Haq believed that a simple composite measure of human development was needed to convince the public and politicians that they can and should evaluate development not only by economic advances but improvements in human well-being. Published on 4 November 2010, the 2010 Human Development Report calculated the HDI combining three dimensions: A long and healthy life: Life expectancy at birth Education index: Mean years of schooling and Expected years of schooling A decent standard of living: GNI per capita In its 2010 Human Development Report, the UNDP began using a new method of calculating the HDI; the following three indices are used: 1. Life Expectancy Index = LE − 20 85 − 20 LEI is 1 when Life expectancy at birth is 85 and 0 when Life expectancy at birth is 20.2. Education Index = MYSI + EYSI 2 2.1 Mean Years of Schooling Index = MYS 15 Fifteen is the projected maximum of this indicator for 2025. 2.2 Expected Years of Schooling Index = EYS 18 Eighteen is equivalent to achieving a master's degree in most countries.3.
Income Index = ln − ln ln − ln II is 1 when GNI per capita is $75,000 and 0 when GNI per capita is $100. The HDI is the geometric mean of the previous three normalized indices: HDI = LEI ⋅ EI ⋅ II 3. LE: Life expectancy at birth MYS: Mean years of schooling EYS: Expected years of schooling GNIpc: Gross national income at purchasing power parity per capita The HDI combined three dimensions last used in its 2009 Report: Life expectancy at birth, as an index of population health and longevity to HDI Knowledge and education, as measured by the adult literacy rate and the combined primary and tertiary gross enrollment ratio. Standard of living, as indicated by the natural logarithm of gross domestic product per capita at purchasing power parity; this methodology was used by the UNDP until their 2011 report. The formula defining the HDI is promulgated by the United Nations Development Programme. In general, to transform a raw variable, say x, into a unit-free index between 0 and 1 (which allo
Jawi is an Arabic alphabet for writing Malay, Banjarese, Tausūg and several other languages in Southeast Asia. Jawi is one of the two official scripts in Brunei and is used as an alternative script in Malaysia and Malay-dominated areas in Indonesia, it used to be the standard script for the Malay language but has since been replaced by a Latin alphabet, called Rumi. Jawi has since been relegated to a script used for religious and some administrative purposes. Jawi can be typed with the Jawi keyboard, its day-to-day usage is maintained in the more-conservative Malay-populated areas such as Kelantan in Malaysia and Pattani. According to Kamus Dewan, "Jawi" is a term synonymous to'Malay'; the term has been used interchangeably with'Malay' in other terms including Bahasa Jawi or Bahasa Yawi, Masuk Jawi, Jawi pekan or Jawi Peranakan. With verb-building circumfixes men-...-kan, menjawikan refers to the act of translating a foreign text into Malay language. The word Tulisan Jawi that means "Jawi script" is another derivative that carries the meaning'Malay script'.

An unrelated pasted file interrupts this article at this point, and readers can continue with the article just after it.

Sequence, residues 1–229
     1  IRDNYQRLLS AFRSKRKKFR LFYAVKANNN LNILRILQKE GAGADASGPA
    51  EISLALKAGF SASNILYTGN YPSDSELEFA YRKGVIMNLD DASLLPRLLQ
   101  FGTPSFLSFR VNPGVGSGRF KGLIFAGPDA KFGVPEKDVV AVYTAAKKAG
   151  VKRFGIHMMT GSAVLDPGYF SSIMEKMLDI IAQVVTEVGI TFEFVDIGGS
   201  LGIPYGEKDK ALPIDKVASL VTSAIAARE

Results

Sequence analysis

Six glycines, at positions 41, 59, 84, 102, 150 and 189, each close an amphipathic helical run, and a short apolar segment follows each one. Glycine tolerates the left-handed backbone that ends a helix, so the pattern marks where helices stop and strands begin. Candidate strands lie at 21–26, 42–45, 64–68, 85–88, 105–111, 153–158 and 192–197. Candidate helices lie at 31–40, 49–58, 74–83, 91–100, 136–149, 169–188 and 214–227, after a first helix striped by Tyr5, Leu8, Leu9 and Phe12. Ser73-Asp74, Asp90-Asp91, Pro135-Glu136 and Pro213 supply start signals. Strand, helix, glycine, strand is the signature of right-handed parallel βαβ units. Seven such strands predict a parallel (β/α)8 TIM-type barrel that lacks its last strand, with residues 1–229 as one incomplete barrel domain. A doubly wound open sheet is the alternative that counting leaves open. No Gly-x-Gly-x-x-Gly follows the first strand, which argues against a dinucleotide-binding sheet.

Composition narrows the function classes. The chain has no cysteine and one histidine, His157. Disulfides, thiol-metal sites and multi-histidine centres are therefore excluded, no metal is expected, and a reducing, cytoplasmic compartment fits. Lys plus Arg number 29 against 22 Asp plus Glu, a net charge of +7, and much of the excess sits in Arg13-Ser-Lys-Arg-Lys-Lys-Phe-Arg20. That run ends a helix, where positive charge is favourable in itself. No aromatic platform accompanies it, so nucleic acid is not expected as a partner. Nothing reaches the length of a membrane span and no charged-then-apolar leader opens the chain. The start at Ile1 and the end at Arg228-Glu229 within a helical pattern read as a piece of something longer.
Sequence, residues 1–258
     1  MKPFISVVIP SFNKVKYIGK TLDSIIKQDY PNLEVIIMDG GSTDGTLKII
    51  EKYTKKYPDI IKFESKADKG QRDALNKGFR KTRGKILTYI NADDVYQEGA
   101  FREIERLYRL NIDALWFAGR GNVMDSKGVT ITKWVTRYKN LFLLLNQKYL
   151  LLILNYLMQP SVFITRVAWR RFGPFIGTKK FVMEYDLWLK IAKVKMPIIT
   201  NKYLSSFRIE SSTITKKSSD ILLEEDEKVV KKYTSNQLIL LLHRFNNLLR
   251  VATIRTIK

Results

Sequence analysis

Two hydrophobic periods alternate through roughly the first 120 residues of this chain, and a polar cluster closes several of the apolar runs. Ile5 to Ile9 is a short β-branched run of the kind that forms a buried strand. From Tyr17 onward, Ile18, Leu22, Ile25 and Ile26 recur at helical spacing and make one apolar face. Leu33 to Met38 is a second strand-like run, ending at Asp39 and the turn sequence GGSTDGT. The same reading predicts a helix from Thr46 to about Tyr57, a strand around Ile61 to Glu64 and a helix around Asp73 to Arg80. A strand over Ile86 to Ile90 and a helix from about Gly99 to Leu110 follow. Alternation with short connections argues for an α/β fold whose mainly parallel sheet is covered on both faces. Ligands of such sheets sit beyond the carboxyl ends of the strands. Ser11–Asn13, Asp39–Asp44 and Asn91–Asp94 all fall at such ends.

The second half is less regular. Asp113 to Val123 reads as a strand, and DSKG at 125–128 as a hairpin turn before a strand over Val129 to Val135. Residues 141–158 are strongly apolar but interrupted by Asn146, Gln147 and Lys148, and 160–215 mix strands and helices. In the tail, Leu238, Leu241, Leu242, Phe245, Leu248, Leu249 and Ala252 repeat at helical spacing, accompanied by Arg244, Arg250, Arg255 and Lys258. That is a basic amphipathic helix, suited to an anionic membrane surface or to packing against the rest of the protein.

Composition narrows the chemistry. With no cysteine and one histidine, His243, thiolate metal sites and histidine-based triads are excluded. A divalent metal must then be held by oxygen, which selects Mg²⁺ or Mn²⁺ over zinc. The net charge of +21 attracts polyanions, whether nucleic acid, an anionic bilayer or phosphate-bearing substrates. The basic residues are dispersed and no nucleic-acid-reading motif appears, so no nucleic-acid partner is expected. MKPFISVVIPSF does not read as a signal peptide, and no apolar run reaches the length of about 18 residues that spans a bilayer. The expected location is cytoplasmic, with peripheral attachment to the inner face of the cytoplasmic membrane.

Prior to the onset of Islamisation, when Hindu-Buddhist influences were still established in the region, the Pallava script was used in writing the Malay language. This is evidenced from the discovery of several stone inscriptions in Old Malay, notably the Kedukan Bukit Inscription and Talang Tuwo inscription; the spread of Islam in Southeast Asia and the subsequent introduction of Arabic writing system began with the arrival of Muslim merchants in the region since the seventh century. Among the oldest archaeological artefacts inscribed with Arabic script are. Islam was spread from the coasts to the interior of the island and in a top-down process in which rulers were converted and introduced more or less orthodox versions of Islam to their peoples; the conversion of King Phra Ong Mahawangsa of Kedah in 1136 and King Merah Silu of Samudra Pasai in 1267 were among the earliest examples. At the early stage of Islamisation, the Arabic script was taught to the people who had newly embraced Islam in the form of religious practices, such as the recitation of Quran as well as salat.